Stack Overflow is a community of 4.7 million programmers, just like you, helping each other.

Join them; it only takes a minute:

Sign up
Join the Stack Overflow community to:
  1. Ask programming questions
  2. Answer and help your peers
  3. Get recognized for your expertise

I have the whole screen ( I may make the area smaller than the window size eventually, maybe to show scores and other relevant stats? I'm probably far from that point though ). I want to draw a grid of squares.

The size of these squares should be a certain fraction of the size of the screen, eg. 1/2, 1/3, 1/9, etc.

I am passing an int that starts at 2, which will help me end up with a 2x2 grid of coloured squares. After certain conditions are met, this int will increment by 1, and I'll end up with a grid 3x3, 4x4 etc. ( You shouldn't worry about any actual 'game logic', I'll try to figure that out myself :P )

What I'm finding confusing, is the whole -1.0 to +1.0 coordinates opengl uses ( I hope I haven't gotten this completely wrong XD) . I have basic knowledge in SDL, and so I'm used to using 0 to 'screen height/width' coordinates. However, I don't think SDL's graphics is suitable for what I want to try, so I'm attempting to use opengl with SDL.

How might I go about figuring out the coordinates and dimensions for these squares, and actually drawing them?

( I'm not going to post any code, because I doubt what I have so far will help, but this is inside a single function that does all drawing )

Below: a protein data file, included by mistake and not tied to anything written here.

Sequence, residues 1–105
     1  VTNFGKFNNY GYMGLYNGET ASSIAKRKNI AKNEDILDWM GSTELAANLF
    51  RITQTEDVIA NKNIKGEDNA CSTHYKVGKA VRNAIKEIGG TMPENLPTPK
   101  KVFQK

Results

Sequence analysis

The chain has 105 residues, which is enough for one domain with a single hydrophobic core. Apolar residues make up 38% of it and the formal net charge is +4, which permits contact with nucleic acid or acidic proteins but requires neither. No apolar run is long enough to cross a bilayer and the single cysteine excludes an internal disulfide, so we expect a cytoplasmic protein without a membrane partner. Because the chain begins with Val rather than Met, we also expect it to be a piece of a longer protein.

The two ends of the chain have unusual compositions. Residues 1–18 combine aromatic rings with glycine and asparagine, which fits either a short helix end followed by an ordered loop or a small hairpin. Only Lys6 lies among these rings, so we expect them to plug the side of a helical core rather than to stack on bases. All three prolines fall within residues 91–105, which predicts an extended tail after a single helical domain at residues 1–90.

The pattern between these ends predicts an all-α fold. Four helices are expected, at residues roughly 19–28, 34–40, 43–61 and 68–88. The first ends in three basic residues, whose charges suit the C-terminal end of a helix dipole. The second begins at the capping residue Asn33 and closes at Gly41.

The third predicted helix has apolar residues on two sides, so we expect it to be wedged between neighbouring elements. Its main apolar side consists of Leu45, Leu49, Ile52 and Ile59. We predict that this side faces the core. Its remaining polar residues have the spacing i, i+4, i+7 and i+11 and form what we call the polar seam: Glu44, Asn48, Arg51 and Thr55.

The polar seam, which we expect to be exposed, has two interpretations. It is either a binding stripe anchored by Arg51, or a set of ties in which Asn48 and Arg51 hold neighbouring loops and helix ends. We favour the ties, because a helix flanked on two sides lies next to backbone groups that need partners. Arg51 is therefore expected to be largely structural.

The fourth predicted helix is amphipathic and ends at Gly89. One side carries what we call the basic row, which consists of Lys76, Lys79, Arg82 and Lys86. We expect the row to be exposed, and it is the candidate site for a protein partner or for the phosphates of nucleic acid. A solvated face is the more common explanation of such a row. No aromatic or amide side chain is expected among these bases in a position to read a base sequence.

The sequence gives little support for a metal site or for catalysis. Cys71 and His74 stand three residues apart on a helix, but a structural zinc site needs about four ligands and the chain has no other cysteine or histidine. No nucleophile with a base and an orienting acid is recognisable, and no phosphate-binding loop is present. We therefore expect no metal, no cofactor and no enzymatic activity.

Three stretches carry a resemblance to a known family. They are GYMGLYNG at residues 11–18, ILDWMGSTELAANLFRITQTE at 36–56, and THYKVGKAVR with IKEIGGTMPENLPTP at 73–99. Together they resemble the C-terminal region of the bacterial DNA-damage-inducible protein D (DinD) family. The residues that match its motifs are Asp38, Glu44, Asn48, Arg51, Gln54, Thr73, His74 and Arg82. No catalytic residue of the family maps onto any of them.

extra : If any of you know how to turn coordinates that look like (x=32, y=128), for example, into opengl's floats, that might make life a whole lot easier for me, and I could figure out the coordinates, dimensions and drawing myself. (Yes, I know that opengl goes from -1.0 to +1.0 no matter the window size, so something like this wouldn't scale, but I'm perfectly fine with that)

share|improve this question
The secret answer is, research! By doing that you will learn all the above, if you actually had read the help/tour page, before you posted this question, would would see that this question does not fit the requirements of a question here on Stack Overflow. So go do your own research, we're not here to do it for you nor teach how things work... Then if you have an actual coding related problem, you can write a question and we will answer it, if we can. – Vallentin Dec 30 '13 at 12:55
Also, converting pixel values to more abstract coordinates is a matter of proportions, something taught in elementary mathematics. – Vilinkameni Dec 31 '13 at 10:57
Hmm, okay, sorry Vallentin, I guess. I sort of gave up pretty quickly trying to figure it out. Looks like I've got a little maths homework to be doing then, eh? Also, Vilin, do you know of any sites that may be able to help me? even if I can just figure out how to scale a large number to between -1 and +1, that'd be very helpful! – Lind Dec 31 '13 at 13:50
Did you see the answer below? Use glOrtho to get rid of your -1,+1 problem. – Valentin Dec 31 '13 at 18:17
up vote 1 down vote accepted

You can use the glOrtho(0,width,height,0, 0, 1) function to set your desired dimensions.

void WINAPI glOrtho(
  GLdouble left,  //Left of the screen, commonly chosen as the start and set to 0
  GLdouble right, //The value for the right of the screen
  GLdouble bottom, //Same logic as above
  GLdouble top,
  GLdouble zNear,
  GLdouble zFar

So if you want your screen dimensions to be 800 wide, with the left side as the starting point, 400 high and the top your start point:

glOrtho(0, 800, 400, 0, 0, 1)

share|improve this answer

Your Answer


By posting your answer, you agree to the privacy policy and terms of service.

Not the answer you're looking for? Browse other questions tagged or ask your own question.